| December 7, 2012
GUEST BLOG: The date still lives in infamy
Today marks the fifth anniversary of the dedication of the USS Oklahoma Memorial on Ford Island at Pearl Harbor, Hawaii. The Memorial was designed, built and funded by the citizens of Oklahoma. The USS Oklahoma lost 429 sailors that fateful day -- the second-highest loss of life next to the USS Arizona. For 66 years there was no memorial to recognize the sacrifice these sailors made aboard our namesake battleship. So an executive committee was formed in early 2000 led by two Oklahoma sailors -- a retired Navy admiral and a commander -- to finally recognize these men and "right a terrible wrong."
At the anniversary ceremony in Hawaii today will be four former Oklahoma sailors who were aboard the ship that day. One now resides in Moore, Okla.; his name is Ed Vezey. He does not consider himself a hero but a survivor. Early the morning of Sunday, Dec. 7, 1941, he and his roommate were making plans for the day, for they had liberty this day (Navy's term for having the day off). At 0755 their lives would be forever changed. General Quarter's sounded aboard the Oklahoma; the ship was under attack. They pulled on their pants and departed their stateroom, one turning to his right and the other turning to his left, both headed to their battle stations. This would be the last time these two shipmates would ever see each other. Ensign Francis Flaherty would posthumously receive that day the Nation's highest military decoration bestowed for bravery -- the Congressional Medal of Honor. (As an aside, there were two Medal of Honors given that day posthumously to Oklahoma sailors. The other was presented to Seaman James Ward.) Ed is 93-years young and still remembers that day as if it were yesterday and speaks of his friend fondly.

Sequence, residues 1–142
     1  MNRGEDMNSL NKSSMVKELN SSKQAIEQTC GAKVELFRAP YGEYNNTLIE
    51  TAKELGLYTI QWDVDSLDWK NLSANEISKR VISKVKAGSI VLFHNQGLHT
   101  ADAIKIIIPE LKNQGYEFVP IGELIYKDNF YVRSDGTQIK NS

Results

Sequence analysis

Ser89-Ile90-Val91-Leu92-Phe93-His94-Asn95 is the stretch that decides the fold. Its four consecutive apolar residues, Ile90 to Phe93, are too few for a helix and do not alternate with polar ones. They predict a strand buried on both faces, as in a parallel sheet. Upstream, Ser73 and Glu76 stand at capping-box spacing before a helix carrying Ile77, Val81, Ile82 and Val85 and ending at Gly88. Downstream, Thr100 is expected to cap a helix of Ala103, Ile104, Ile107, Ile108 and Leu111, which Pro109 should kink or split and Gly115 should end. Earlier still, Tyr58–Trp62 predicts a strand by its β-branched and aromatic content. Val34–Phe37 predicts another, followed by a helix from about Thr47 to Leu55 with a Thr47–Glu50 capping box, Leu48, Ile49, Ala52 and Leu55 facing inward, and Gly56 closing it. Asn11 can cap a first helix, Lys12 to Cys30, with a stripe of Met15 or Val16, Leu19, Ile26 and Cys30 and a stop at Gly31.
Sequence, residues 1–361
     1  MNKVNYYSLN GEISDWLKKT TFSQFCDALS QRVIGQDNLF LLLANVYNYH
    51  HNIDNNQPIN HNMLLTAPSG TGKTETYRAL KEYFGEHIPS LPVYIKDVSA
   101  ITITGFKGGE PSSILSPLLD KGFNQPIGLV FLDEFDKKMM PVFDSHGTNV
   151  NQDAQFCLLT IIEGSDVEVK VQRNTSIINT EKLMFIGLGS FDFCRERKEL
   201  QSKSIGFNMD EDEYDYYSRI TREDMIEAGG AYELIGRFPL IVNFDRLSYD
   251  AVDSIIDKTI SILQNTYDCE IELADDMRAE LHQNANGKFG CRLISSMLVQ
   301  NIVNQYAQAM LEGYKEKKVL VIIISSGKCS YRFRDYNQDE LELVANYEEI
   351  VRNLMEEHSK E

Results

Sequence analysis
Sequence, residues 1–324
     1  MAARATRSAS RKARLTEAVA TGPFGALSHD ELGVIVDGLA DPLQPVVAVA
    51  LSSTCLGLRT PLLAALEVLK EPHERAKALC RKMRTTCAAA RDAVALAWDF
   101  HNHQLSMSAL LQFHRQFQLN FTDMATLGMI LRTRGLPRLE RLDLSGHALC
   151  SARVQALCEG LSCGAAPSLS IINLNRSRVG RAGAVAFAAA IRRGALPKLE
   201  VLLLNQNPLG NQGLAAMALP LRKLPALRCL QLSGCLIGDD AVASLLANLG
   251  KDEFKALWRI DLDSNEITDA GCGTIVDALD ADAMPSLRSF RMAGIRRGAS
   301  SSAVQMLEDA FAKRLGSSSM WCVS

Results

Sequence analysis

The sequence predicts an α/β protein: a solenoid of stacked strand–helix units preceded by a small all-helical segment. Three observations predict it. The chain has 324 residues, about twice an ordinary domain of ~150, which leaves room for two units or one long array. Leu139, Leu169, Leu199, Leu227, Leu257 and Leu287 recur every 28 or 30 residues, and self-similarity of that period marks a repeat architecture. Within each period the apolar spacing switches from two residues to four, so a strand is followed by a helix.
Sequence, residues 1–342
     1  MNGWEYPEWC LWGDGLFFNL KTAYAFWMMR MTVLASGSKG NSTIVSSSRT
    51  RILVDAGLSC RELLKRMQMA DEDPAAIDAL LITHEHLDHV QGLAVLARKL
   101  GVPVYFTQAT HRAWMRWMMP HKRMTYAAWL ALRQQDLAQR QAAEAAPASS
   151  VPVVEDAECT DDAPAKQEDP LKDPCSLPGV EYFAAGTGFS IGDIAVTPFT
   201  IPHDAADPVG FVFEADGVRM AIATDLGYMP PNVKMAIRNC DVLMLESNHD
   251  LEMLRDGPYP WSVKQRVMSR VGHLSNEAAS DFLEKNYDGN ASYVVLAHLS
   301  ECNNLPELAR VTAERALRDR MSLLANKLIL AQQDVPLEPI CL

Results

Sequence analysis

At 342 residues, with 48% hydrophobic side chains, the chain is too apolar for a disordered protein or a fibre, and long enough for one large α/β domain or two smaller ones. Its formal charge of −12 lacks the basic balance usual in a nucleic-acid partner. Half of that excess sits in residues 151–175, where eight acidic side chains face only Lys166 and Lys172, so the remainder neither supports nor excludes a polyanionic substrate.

The memorial was built for two reasons: (1) to remember the sacrifice of the these 429 sailors who served aboard our namesake battleship and who paid the ultimate price and (2) to remind all generations -- past, present and future -- that freedom is not free. There is a price associated with the freedom we have today and it was paid by these sailors from the Oklahoma. This memorial will help to preserve the tradition, history and sacrifice of so many so we can enjoy the gifts we have as Americans today. The Memorial tells but one story of one battleship on "battleship row," but it tells a powerful story. Let no one rewrite history or change history books, for these events did occur. Men lost their lives so we, as Oklahomans and Americans, can have freedom. We are truly grateful for their sacrifice.
By Greg Slavonic, Rear Admiral, USN [RET]